We have long thought of ovarian cancer as a silent killer with few early symptoms. But ovarian cancer may not be as mysterious as we think. In fact, there are early symptoms of the disease and it is important to recognize them.
Why is this so important? Unfortunately, more than 70% of women with ovarian cancer are diagnosed at an advanced stage and the prognosis is poor.
The five-year survival rate (the percentage of women who survive five or more years after diagnosis) for early-stage ovarian cancer is 80-90%.
The five-year survival rate for advanced ovarian cancer ranges from 28% to 40%.
“Women often ignore the early signs of ovarian cancer or think their symptoms are due to aging, weight gain, or other serious problems,” says Amina Ahmed, MD, a gynecologic oncologist at RUSH. “That’s why it’s so hard to detect ovarian cancer when it’s the earliest it can be treated.”
It’s also important to take the symptoms of ovarian cancer seriously, as there is currently no way to detect ovarian cancer in women who are asymptomatic, have no family history, or have a BRCA genetic mutation (which puts them at a higher risk of developing ovarian cancer).
Don’t ignore these common symptoms of ovarian cancer
Ovarian cancer symptoms can be vague, but it’s important to note how long symptoms last, Ahmed said. “The history of many women with ovarian cancer is that they had symptoms months before they were diagnosed,” she said.
Talk to your doctor if your symptoms don’t go away, don’t go away within one to three weeks, or if prescription medications aren’t helping. By recognizing these early signs, women can catch and treat the disease before it progresses.
Almost all women experience the discomfort of bloating and flatulence. Bloating is normal, but constant bloating that lasts for three weeks every day, especially during your menstrual cycle, is not.
Feeling full and full all the time is one of the most common early symptoms of ovarian cancer. Bloating (visible to the eyes) and swelling can be a warning sign that there is a problem.
Gastrointestinal problems can be linked to everything from stress and anxiety to irritable bowel syndrome and ovarian cancer. Constipation is a common gastrointestinal symptom when it comes to ovarian cancer.
“Notice a change in bowel habits,” says Ahmed. “In particular, the symptom may be new constipation that doesn’t go away without any intervention.”
- Prolonged pain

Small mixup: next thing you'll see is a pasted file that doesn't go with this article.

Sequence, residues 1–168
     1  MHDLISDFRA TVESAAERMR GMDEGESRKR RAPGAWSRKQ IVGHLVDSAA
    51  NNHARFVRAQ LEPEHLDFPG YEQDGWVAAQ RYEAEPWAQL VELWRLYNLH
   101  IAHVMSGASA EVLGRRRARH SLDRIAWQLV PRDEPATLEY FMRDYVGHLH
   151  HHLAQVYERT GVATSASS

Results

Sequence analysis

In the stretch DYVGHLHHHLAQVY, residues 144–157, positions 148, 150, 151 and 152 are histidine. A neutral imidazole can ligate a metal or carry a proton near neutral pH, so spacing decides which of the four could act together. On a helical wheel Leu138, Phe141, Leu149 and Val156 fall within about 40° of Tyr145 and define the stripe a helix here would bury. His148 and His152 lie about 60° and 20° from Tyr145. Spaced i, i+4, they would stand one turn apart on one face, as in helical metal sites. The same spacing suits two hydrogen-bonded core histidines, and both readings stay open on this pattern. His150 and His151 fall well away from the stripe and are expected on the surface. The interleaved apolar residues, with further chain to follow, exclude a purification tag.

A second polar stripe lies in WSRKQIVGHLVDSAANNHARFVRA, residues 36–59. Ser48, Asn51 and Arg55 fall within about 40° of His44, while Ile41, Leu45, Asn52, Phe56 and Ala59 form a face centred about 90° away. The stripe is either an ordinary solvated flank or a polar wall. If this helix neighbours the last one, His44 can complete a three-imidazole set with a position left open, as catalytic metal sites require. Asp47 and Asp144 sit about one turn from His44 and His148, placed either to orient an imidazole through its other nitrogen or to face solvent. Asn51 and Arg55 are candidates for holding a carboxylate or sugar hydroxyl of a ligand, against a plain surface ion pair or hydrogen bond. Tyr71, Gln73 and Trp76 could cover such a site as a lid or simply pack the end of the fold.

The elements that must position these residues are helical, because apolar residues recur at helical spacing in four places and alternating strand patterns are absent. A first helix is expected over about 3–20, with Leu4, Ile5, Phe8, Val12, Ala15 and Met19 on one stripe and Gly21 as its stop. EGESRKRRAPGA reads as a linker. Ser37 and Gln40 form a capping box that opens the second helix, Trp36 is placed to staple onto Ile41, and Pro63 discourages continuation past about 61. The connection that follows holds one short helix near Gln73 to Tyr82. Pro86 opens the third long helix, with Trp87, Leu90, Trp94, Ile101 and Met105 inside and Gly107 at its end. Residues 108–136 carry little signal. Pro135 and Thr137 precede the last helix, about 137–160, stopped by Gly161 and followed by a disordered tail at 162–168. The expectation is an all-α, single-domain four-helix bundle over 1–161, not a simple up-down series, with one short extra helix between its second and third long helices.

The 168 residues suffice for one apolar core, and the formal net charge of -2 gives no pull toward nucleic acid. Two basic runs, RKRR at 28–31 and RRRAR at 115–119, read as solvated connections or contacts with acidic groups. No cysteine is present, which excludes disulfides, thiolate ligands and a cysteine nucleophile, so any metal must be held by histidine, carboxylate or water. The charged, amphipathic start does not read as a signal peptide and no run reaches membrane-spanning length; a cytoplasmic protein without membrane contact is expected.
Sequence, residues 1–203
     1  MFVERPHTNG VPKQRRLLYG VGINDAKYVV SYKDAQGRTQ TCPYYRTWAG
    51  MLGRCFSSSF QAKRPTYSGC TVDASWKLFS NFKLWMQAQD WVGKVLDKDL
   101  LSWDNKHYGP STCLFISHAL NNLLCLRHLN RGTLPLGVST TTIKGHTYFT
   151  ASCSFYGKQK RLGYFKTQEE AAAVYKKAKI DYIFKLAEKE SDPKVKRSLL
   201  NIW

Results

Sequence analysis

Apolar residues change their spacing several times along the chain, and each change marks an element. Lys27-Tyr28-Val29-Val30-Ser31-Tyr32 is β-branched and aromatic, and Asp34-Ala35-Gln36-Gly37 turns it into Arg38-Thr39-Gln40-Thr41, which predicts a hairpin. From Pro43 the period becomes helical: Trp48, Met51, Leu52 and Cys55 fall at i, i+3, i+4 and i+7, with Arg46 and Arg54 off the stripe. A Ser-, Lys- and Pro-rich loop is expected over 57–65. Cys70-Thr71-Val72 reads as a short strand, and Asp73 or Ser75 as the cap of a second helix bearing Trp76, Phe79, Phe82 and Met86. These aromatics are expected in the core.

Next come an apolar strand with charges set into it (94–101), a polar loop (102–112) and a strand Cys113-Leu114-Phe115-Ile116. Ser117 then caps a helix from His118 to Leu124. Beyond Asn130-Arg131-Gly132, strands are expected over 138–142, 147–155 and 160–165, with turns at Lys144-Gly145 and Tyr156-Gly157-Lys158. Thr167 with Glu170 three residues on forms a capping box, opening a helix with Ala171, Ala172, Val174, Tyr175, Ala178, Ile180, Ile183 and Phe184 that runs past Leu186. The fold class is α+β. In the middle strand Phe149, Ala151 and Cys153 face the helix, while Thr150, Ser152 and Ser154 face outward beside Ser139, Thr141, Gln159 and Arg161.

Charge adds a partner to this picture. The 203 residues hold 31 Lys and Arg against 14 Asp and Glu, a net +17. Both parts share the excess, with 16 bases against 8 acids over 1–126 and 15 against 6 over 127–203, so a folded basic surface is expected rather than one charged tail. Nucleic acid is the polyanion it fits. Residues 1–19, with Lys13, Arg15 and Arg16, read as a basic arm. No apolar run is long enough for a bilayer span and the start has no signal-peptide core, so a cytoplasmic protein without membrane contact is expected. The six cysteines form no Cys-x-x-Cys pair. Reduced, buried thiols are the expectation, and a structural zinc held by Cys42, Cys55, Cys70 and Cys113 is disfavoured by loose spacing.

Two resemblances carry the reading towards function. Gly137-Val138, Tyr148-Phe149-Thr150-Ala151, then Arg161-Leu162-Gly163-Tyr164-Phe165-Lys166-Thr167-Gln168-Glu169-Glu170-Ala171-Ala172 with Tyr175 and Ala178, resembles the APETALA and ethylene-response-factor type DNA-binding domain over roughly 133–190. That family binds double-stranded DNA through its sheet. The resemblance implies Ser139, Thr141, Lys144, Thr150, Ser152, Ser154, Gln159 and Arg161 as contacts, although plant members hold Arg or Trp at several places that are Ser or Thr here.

Persistent abdominal or pelvic pressure and/or back pain lasting one to three weeks may indicate a problem. Although this vague symptom of ovarian cancer can accompany a number of conditions, it is important to note that if the pain is new to you, it does not come and go and cannot be easily attributed to other factors.
If your pain decreases when the stress decreases, your symptoms may be related to stress. If you make small changes to your diet and the pain improves, it may be a gastrointestinal problem.
“Unfortunately, it can be very difficult to distinguish the symptoms of ovarian cancer from digestive problems or stress,” says Ahmed. “That’s why so many women see multiple specialists before they get a final diagnosis.”
If you have these symptoms, if they persist, and if you’re trying to calm yourself down, talk to your doctor about the following tests.
Examination of the pelvic organs
Evaluation of gastrointestinal function, including physical examination and possibly gastrointestinal tests (eg, endoscopy, colonoscopy).
CT, MRI or ultrasound
Women often ignore the early signs of ovarian cancer or think their symptoms are simply due to aging, weight gain, or other serious problems. This is why ovarian cancer is so difficult to detect in its early stages that it can be treated.
- Changes in bladder function
Generally, when women experience urinary tract symptoms such as pain or urgency during urination, they think it is a urinary tract infection. This is often the case.
But bladder problems can also signal gynecological and reproductive problems, such as ovarian cancer.
Specific urinary symptoms associated with ovarian cancer include:
Bladder pressure and pain